This is so much left-wing twaddle with a rising stink of envy and jealousy. Naturally, Carlson’s old FOX crowd is going to tut-tut and sling mud under a cloak of anonymity. The fact of the matter is the audience for his prime time spot has fallen like a rock with staffing cuts made even though successor Jesse Watters does a good job. The dismissive tone toward the numbers Carlson racks up even on a slow day are ten times as many who watched him at the height of his TV career. One of his strengths is seeking out outcast figures — always denoted as “controversial” in lazy journo-speak — consigned to Siberia by the legacy media. It is too hard to fit them in their punchy format that puts a premium on rat-tat-tat exchanges rather than Carlson’s long-form interviewing that can take over two hours. The shallow criticism of the Putin encounter was by writers under the gun to get their story out fast, one of the perils of the trade. They found boring the long tutoring Putin gave Tucker on the history of Mother Russia and its lost glories. But the glimpses of paranoia and self-pity he feels for its fall from grace were very revealing. The writer of this hatchet job might not have a scintilla of interest in UFOs and aliens, but hundreds of millions in the US alone are troubled by them. Carlson said he finds them so frightening he doesn’t want to learn any more. You could tell this was a hit job by Oliver Bateman’s throwaway line “one insider notes a current “audience minus about 10-15 IQ points from the prime-time show.” Really? So if they are stupider than other people, it goes without saying they are deplorable as well. I’d advise Unherd to be more skeptical about this writer’s work.

Christopher Chantrill
Christopher Chantrill
21 days ago

I guess that when you go outside the Overton Window there’s a risk you’ll bash your head on the window frame.
But I thought the Putin interview was interesting. Lies or no lies, it was important for me to hear Putin’s “narrative.” And when does any head of state get asked “tough questions?”
Then Mike Benz on the US intelligence community. If as much as 43.2 percent was accurate, it is scaree.
Most recently Tucker interviewed Aleksandr Dugin — whose books are banned on Amazon. I found his narrative on individualism and liberalism challenging. And anyone with half a brain needs to address his thinking.

Arthur King
Arthur King
21 days ago

He’ll figure out what works. Give him time, he’s not going anywhere

Thomas Bartlett
Thomas Bartlett
21 days ago

A noxious, demented troll.

UnHerd Reader
UnHerd Reader
20 days ago

What a prissy little article this is. One would think, judging from Mr. Bateman’s style, that online journalism was little more than a episode of “Mean Girls”. Who’s hot and Who’s not. This is silly, superficial scorekeeping by someone who seems totally incapable of telling people something that they don’t already know. Puh-leeeze, let’s have less of this writer. He’s taking up space that could be used for real journalism.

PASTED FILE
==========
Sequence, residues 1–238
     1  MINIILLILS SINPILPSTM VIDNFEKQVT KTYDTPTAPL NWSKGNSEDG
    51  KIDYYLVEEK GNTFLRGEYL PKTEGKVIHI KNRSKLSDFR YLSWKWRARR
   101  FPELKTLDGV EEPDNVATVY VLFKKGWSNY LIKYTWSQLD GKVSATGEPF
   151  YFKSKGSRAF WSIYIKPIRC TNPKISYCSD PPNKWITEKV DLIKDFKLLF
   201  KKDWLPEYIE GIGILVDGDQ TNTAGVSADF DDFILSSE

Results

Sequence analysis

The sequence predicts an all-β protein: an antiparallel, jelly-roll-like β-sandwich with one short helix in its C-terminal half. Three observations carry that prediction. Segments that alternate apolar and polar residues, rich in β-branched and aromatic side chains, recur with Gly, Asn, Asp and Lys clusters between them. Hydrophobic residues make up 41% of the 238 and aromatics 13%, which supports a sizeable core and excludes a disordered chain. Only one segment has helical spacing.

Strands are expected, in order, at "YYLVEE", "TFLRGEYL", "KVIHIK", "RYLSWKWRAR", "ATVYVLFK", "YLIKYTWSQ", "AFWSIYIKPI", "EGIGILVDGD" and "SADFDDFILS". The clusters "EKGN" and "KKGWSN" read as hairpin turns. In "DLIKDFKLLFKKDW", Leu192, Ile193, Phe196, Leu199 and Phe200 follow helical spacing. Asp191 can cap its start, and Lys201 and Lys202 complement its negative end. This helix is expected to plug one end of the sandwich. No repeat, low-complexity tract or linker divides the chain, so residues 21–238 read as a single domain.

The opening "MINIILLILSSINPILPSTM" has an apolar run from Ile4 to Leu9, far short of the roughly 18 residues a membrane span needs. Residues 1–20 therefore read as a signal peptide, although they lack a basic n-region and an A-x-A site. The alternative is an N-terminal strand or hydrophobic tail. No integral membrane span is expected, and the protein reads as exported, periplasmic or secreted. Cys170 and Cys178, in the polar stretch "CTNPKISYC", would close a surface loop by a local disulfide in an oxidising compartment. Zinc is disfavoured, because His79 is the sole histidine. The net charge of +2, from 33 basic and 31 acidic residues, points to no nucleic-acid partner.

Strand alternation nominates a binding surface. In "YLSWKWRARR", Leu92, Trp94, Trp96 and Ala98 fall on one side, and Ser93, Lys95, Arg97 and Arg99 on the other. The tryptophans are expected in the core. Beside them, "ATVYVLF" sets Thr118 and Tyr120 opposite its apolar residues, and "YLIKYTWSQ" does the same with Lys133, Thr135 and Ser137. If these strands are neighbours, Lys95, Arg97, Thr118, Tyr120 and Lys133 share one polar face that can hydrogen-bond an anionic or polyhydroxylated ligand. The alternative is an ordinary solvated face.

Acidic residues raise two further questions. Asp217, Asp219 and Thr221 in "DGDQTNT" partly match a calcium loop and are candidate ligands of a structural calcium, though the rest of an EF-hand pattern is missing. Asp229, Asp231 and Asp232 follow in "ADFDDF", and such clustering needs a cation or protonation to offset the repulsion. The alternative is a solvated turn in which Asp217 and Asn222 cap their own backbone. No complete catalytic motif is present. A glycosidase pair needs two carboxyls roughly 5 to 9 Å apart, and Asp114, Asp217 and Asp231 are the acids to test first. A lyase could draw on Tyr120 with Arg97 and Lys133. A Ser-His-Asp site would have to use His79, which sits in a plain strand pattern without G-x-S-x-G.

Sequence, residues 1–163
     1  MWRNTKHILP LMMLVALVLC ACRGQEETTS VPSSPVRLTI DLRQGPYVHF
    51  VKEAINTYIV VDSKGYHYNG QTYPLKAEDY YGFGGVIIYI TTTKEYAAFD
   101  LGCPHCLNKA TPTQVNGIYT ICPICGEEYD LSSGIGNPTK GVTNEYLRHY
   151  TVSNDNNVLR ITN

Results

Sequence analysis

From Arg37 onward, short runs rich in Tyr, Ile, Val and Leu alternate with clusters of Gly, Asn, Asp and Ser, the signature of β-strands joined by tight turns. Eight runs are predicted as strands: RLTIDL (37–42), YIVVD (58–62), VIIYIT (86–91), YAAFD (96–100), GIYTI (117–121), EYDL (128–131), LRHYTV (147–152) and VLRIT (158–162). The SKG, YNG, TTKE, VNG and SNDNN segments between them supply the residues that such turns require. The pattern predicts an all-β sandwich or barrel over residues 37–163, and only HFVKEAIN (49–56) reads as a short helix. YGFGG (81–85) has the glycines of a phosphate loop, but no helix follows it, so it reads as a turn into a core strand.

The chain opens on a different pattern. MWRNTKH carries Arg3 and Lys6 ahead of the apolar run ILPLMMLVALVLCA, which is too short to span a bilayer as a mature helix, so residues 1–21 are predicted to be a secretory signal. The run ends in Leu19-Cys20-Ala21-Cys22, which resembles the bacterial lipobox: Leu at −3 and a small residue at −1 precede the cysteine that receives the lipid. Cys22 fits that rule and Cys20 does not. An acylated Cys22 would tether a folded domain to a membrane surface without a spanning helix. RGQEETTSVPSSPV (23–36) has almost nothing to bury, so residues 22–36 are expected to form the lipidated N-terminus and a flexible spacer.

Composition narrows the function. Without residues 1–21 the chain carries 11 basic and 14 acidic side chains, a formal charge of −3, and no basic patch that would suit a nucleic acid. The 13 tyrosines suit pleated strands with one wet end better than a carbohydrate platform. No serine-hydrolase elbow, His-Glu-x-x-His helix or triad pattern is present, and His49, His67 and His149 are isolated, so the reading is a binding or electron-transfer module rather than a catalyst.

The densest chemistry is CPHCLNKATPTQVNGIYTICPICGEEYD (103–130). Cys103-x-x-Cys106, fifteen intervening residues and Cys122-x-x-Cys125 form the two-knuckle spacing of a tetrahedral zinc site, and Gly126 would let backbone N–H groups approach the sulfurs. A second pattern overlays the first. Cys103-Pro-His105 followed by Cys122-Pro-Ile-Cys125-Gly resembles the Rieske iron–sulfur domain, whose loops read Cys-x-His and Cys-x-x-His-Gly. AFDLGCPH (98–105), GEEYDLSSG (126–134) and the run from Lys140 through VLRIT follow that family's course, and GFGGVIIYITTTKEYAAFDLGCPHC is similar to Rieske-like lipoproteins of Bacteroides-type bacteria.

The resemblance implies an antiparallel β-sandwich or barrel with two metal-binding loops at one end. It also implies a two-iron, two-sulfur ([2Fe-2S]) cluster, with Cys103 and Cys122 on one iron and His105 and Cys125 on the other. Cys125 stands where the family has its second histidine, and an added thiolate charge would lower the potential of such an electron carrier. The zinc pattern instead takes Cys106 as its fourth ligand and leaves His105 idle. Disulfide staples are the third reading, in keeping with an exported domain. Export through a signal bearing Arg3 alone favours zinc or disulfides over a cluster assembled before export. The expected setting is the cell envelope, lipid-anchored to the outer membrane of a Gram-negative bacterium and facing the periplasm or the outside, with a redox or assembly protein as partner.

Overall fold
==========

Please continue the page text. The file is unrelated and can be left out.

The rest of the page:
Unwoke S
Unwoke S
20 days ago

The bio at the end of this sniping little hit-piece tells us that “Oliver Bateman Does the Work” and that he is “a historian and journalist”. Doing work – especially as a historian and journalist – requires a few things that are nowhere in evidence here. I used to tell my undergraduate as well as my postgraduate students that I would deduct 5% off any piece of work they submitted to me if they used phrases like “people close to”, “according to insiders”, “sources have noted”, “one insider notes”, “insiders tell me” or “my sources emphasised”, without providing citations or evidence or references. So, if this were an essay from one of my students I would have been tempted to give it around 50% for effort, but I would then have had to deduct 30% for those six offending phrases in this heap of ordure. I would have then deducted another 5% for his phrase “there was a consensus”. So, Mr Bateman, that constitutes 15% for this little effort of yours. Do some WORK, young man, if you want to be taken seriously.

Chuck Burns
Chuck Burns
20 days ago

I don’t agree with all of Tuckers views. I don’t watch all of his interviews. But the ones I do watch I am thankful for. One example in particular that I thoroughly enjoyed was the BalĂĄzs OrbĂĄn interview. I was disappointed in the President Putin interview in that I wanted more commentary about the recent history of the US Neo-Con intervention in Ukraine. Although previously not a fan of Alex Jones I learned some new things about him such as The ferocity with which the establishment went after him. All in all I remain a fan Of Tucker Carlson still watch what interests me.

Unwoke S
Unwoke S
20 days ago

Referring to “declining viewership statistics” displayed in a graph by Chris Brunet, Bateman says “a precipitous drop is evident from mid-December”. The red line provided on the graph clearly shows that that was the day Carlson launched his own network. Duh? Of course his figures on X will show a decline: millions of them had gone across to the Carlson Network! Despite his claim that “Oliver Bateman Does the Work”, he appears to have taken a day off work when he glanced at this graph.

M Coriglione
M Coriglione
19 days ago
Reply to  Unwoke S

You are absolutely delusional if you think 10s of millions of people are watching Tucker’s crappy network when only 1-2 million watched his show on cable TV.

Unwoke S
Unwoke S
15 days ago
Reply to  M Coriglione

The graph in question refers to millions of VIEWS, not millions of SUBSCRIBERS. Do the work, Batemanista!

Martin Smith
Martin Smith
18 days ago

Yes. I used to enjoy his tight polished delivery whether I ‘agreed’ with him or not. Now I no longer pay him any attention. But this is also true of other ‘alternative’ voices I once enjoyed: Galloway, Brand , Campbell etc. ExtemporĂ© becomes borĂ© very quickly.